Once he was Chuck Colson, the tough-talking chief of the White House domestic intelligence arm. Bright and abrasive, loyal beyond the bounds of propriety, Colson was widely regarded in Washington as the shrewdest and most ruthless of the men close to the President. “Colson would do anything,” Richard Nixon once told presidential counsel John Dean.
Recently, shaken and subdued, the 42-year-old Colson reached the end of the road down which the President’s wishes had apparently taken him. Pleading guilty in federal court to a charge of attempting to obstruct justice by influencing the trial of Dr. Daniel Ellsberg, Colson was sentenced to one-to-three years in prison—the toughest punishment yet handed down to any former administration official. Yet even at the moment of sentencing, Colson continued to profess that a profound spiritual revolution had taken place in his life. “I’ve committed my life to Jesus Christ,” he explained to newsmen outside the courtroom. “I can work for the Lord in prison or out of prison, and that’s what I intend to do.”
To many in his legion of political enemies, Colson’s conversion to evangelical Christianity seemed both convenient and highly improbable. Private cynicism abounded, but few were willing to challenge him outright. “I haven’t run into many people who doubt my sincerity,” says Colson. “Many more people come up to me and say ‘Tell me how to do it!’ Harold Hughes has had the same experience with alcoholics.” Hughes, the reformed alcoholic who became senator from Iowa, is a member of Colson’s Washington prayer group. Initially a skeptic, he is now a staunch defender of the sincerity of a man who once despised him politically. “I knew he was a liberal Democrat the White House opposed,” says Colson. “Then he was the enemy. Now, except for my family, he is the closest friend I have in the world.”
Colson’s withdrawal from partisan combat signals the close of a hectic career. The only child of a Boston attorney and his wife, he joined the Marines after graduation from Brown University in 1953, and quickly became the corps’ youngest captain. Later he joined the staff of U.S. Senator Leverett Saltonstall of Massachusetts and became—at 27—the youngest administrative assistant on Capitol Hill. By 1969, when he left private practice to become an aide to the President, he was earning an annual six-figure salary. It was an impressive list of worldly accomplishments, but Colson looks back on it now with bemusement. “I was just a man in a hurry,” he says. “I went to law school nights while I was working days. I did everything double time, so I never really had time for reflection. I was always trying to get to the top of the next mountain so I could impress people with how good I was. Now I’m going to take time to really decide what I want to do with the rest of my life.” He expects to be disbarred at least temporarily, but says he hasn’t worried yet how he’ll make a living after jail. His life is full of more spiritual concerns. “If you can change men’s hearts you can do more,” the ex-White House aide now says. “Through history, many Presidents were empty in regard to the real impact they made on human affairs.”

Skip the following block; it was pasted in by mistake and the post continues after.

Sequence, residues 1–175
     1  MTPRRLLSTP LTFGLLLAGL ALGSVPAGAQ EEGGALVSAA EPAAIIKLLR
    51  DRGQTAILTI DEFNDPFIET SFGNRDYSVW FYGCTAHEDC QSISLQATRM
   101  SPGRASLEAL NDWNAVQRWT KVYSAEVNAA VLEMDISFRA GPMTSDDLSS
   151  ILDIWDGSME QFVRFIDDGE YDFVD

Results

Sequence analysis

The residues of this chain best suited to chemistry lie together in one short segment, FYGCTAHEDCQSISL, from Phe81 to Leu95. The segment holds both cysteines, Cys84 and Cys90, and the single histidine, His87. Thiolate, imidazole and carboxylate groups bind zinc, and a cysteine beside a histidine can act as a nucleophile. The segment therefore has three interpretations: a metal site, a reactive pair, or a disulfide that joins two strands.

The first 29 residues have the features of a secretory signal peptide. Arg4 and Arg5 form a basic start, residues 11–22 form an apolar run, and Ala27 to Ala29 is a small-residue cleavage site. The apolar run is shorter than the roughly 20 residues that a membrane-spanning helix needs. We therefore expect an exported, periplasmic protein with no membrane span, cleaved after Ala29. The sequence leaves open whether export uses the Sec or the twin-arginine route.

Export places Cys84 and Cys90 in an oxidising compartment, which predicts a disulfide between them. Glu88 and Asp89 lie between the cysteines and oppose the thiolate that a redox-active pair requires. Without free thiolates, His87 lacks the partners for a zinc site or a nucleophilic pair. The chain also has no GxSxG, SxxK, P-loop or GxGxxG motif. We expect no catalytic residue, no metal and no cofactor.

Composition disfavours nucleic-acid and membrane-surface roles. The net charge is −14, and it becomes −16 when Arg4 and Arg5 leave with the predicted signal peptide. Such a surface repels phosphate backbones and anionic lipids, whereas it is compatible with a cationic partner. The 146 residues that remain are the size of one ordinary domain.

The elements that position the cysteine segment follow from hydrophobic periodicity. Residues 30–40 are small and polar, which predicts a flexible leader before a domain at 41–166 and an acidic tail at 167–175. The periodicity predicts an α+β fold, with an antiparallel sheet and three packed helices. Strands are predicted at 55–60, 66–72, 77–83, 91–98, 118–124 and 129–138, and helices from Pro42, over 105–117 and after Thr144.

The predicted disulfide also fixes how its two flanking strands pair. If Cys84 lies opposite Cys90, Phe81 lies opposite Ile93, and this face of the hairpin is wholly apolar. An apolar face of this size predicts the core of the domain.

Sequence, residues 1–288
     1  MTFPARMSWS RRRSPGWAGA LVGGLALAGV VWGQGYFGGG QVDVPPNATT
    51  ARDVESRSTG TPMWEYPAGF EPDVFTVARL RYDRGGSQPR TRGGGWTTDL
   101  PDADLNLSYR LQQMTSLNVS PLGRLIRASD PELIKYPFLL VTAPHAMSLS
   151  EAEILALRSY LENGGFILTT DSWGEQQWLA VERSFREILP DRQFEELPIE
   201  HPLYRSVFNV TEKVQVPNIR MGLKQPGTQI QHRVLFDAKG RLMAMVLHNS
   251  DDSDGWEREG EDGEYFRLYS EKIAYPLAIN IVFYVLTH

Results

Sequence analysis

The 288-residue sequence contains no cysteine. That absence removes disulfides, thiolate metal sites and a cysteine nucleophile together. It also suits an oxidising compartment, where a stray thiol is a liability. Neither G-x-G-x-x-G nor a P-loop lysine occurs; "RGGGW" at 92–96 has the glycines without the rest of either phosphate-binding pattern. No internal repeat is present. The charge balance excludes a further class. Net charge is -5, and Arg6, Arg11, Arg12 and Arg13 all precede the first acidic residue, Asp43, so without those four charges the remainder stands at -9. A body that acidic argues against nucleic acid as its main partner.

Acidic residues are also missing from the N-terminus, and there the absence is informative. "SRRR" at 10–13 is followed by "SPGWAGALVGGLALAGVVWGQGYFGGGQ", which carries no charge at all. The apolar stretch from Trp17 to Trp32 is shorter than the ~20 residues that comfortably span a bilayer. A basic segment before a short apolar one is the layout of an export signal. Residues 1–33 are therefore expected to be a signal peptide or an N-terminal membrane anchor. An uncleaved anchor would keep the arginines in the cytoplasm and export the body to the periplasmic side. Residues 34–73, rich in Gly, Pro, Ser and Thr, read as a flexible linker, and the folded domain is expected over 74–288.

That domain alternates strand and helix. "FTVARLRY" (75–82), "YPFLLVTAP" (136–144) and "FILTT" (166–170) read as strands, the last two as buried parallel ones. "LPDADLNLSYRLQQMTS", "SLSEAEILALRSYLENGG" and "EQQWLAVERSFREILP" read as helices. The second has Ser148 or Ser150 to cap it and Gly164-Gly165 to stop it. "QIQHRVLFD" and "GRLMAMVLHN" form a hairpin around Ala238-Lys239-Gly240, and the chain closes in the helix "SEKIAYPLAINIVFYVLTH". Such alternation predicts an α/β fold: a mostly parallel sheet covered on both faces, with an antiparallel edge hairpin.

Although Colson is now a convicted felon, he continues to deny involvement in Watergate. He believes he has been badly misrepresented in the press, and his purported arrogance blown out of proportion. In one minor but well-remembered incident, he maintains, he never seriously proposed “walking over” his grandmother, as he was quoted in the 1972 campaign, in the interest of getting the President reelected. “That was a throwaway line,” he sighs. “No one understands my sense of humor. I’ve always joked with a reverse twist.”
Colson’s latest reversal, however—unexpectedly pleading guilty after countless protestations of innocence—is unlikely to provoke much humor at the White House. By bargaining away his freedom, he has committed himself to testifying in other Watergate-related cases, and government prosecutors are expecting some dividends. “Colson didn’t promise to hand up anybody,” says one prosecution source. “But he can’t take the Fifth. He’s got to produce documents and evidence. And he’s got to know a lot. He talked to the President all the time.”
Though Colson has already implicated the President in the crime he himself pleaded guilty to, his Nixon loyalty appears largely intact. He felt close enough to Nixon to discuss his religious conversion with the President—”a man,” Colson says, “with more spiritual feelings than people realize, but he doesn’t like to mix them with politics.” What triggered his own conversion, Colson says, was a passage on pride in Mere Christianity, a book by the English theologian C.S. Lewis. “Pride leads every other vice,” Lewis wrote. “It is the complete anti-God state of mind.” Although Colson had been brought up as an Episcopalian, and later studied Christian Science and Roman Catholicism, he had never experienced such a moment of revelation. “I had an experience that is very close to what you see in the movies,” he recalls, “when someone is dying and their whole life parades before them.” Although he made his personal commitment to Christ last summer, Colson says, his conversion was revealed in the press only after he was discovered attending a White House prayer breakfast in December. Later, when Colson was indicted, a member of his personal prayer group tried to ease his depression. “Well, Chuck,” the friend observed consolingly, “just remember we got a Christian in the news.”